The smart money knows that the traditional real estate model is broken and dying. It was designed for a time when information about homes was hard to come by and everyone depended upon their local realtor who relied upon voluminous binders of listings. A dramatic change is long overdue. That's why new real estate business models seem to be popping up out of nowhere monthly - especially the new ibuyer ventures.
In just the last 3 months two new ibuyer ventures that buy and sell homes directly from and to consumers raised a total of $470 MM. At the end of November one of OpenDoor's investors announced that they led a $210 MM round that gave the upstart a valuation in excess of $1 B. Then, just a couple of weeks ago, OfferPad announced a $260 MM investment.
Both of these companies have a similar business model where they will quickly buy your home for cash and then they will offer it for sale directly to home buyers. So they are actually inventorying the homes and obviously making their profit off of some kind of spread - and that's where the rubber meets the road in this business model.
I've spoken to people who operate this kind of business model on a smaller scale before and I'm always left scratching my head. Obviously, to make a profit they either have to be buying homes below market value or selling them above market value or some combination of both. Because prospective home buyers are out actively looking at what's for sale in the market and because they know (presumably) the relative value to them of different features these companies are most likely buying homes below market.
In fact, if you dig around in these ibuyer companies' FAQs you'll find out that they indeed have a spread baked into their offer prices. For instance, the OfferPad Web site has a section on their pricing methodology (if you follow that link click on the Pricing Information tab). They are up front in admitting that they take 2 "credits" off the purchase price - a 6% credit that they point out is comparable to a typical real estate commission and a 1 - 7% Risk Metric Score depending upon the characteristics of the home. They don't really explain the Risk Metric Score but from the name I suspect it's a cushion to cover their ass if they got the price wrong or if the market tanks on them.
OpenDoor has a similar explanation on their Web site in a section titled How Much Does OpenDoor Charge? The only difference is that their risk discount is 0 - 6%. But the bottom line is that you're probably going to be selling your home for a little less than you would if you put it on the market - ON AVERAGE. And, of course, both of these companies point out that their process is a lot easier, which is definitely true.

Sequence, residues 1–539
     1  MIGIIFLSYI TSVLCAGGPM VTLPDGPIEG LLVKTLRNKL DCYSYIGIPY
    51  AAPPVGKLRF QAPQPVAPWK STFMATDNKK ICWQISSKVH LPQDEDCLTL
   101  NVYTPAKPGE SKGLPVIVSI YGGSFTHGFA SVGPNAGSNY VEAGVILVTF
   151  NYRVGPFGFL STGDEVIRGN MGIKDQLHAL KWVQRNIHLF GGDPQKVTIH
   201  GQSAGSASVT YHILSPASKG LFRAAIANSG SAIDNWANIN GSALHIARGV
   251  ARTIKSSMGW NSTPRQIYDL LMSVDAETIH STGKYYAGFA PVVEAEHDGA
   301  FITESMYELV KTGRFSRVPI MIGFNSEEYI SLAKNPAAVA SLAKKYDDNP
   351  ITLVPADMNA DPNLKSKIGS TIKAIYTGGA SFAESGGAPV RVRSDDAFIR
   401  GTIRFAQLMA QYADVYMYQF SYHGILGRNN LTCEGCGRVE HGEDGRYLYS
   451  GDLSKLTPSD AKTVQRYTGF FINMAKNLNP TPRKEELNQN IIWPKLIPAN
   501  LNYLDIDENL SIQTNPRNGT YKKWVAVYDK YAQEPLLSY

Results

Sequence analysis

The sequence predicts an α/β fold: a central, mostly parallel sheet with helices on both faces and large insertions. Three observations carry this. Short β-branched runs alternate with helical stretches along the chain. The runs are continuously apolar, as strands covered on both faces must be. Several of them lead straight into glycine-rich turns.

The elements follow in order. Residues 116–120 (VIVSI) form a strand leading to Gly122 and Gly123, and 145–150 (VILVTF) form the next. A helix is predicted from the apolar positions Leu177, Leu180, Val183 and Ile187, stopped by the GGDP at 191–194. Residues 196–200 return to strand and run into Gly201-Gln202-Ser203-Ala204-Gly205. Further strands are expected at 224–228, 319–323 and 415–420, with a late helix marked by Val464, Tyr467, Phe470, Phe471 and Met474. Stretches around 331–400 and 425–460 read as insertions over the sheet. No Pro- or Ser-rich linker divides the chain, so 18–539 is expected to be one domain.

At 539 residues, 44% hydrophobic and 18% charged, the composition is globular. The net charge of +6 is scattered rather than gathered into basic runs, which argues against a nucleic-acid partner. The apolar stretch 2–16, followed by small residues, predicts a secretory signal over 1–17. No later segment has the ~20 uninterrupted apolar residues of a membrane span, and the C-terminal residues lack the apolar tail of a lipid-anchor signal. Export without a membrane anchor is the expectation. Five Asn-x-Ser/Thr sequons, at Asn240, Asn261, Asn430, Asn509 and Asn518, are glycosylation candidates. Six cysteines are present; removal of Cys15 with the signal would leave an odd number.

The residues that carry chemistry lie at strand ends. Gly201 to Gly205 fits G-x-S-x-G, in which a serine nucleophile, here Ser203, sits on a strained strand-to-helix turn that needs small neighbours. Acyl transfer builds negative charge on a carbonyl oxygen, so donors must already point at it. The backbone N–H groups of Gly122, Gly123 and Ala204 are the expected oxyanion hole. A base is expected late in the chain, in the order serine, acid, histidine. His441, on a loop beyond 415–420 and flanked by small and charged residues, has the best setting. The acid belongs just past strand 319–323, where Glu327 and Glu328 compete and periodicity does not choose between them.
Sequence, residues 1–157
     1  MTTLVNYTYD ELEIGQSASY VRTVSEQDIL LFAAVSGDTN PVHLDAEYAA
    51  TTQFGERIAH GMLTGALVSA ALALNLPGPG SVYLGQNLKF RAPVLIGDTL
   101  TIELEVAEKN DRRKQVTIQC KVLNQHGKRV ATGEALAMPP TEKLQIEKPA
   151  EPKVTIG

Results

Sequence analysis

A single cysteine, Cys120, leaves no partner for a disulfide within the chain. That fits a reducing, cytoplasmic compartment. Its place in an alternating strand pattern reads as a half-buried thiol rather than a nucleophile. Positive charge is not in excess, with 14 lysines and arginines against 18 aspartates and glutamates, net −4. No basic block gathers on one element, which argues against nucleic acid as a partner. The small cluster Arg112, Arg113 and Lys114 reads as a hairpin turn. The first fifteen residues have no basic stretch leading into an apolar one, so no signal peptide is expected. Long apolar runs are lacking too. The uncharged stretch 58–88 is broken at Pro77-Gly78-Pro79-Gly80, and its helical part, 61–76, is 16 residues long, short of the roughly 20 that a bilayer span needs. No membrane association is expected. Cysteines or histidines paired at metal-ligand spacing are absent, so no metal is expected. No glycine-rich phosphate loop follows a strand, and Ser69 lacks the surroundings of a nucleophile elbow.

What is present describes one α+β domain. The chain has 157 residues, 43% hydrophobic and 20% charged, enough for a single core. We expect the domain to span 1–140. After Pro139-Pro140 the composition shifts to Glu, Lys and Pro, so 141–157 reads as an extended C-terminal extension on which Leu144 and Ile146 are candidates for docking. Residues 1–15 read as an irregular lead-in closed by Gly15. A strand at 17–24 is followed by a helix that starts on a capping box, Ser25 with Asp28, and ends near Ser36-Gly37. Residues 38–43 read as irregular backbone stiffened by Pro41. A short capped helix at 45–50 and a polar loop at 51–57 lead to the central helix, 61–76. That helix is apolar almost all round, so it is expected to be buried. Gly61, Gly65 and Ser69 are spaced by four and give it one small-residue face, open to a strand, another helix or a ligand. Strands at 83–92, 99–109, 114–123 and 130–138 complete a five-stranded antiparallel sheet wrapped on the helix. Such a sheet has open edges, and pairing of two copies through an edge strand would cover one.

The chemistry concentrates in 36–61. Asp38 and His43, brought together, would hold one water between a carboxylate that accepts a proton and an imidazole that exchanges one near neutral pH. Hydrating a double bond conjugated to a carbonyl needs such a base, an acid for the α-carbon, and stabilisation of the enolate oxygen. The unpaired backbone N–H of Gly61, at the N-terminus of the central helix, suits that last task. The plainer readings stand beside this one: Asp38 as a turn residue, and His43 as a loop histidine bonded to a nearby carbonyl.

Now, notice that I capitalized ON AVERAGE above. The reason for that is that whatever valuation process these ibuyer companies are using - and I assume from what I've read that it's at least partly automated - there is going to be significant variability around the best price that could be obtained in the market. I'll call it valuation error. So sometimes they are going to be high and sometimes they are going to be low.
Under these circumstances who is going to be selling their properties to them? I can only think of two types of people: 1) those that aren't very smart and 2) those that are very smart and know that the ibuyer offer is too high. And don't forget that most sellers think their home is way above average - i.e. they overestimate it's value. If I'm right then these ibuyer companies are going to suffer from adverse selection - i.e. on average they are going to overpay for the properties they buy even though some sellers will get screwed. My guess is that they are going to overpay for larger, outdated or cheaply finished homes, possibly with poor layouts, because it's easier for them to value square footage than immeasurable factors.
So, what is the best way to take advantage of the ibuyers? Talk to one or more realtors about what they would list your home for and what they think it might sell for. Maybe even put it on the market to see what someone is willing to pay. Then quickly get a quote from these guys and if it looks good take the money and run.
OpenDoor is currently operating in Phoenix, Dallas, and Las Vegas while OfferPad is operating in Phoenix, Las Vegas, Salt Lake City, Tampa/ Orlando, and Los Angeles. I'm sure it won't be too long before they come to Chicago. I can't wait to get my own free offer.
Gary Lucido is the President of Lucid Realty, the Chicago area's full service discount real estate brokerage. If you want to keep up to date on the Chicago real estate market, get an insider's view of the seamy underbelly of the real estate industry, or you just think he's the next Kurt Vonnegut you can Subscribe to Getting Real by Email using the form below. Please be sure to verify your email address when you receive the verification notice.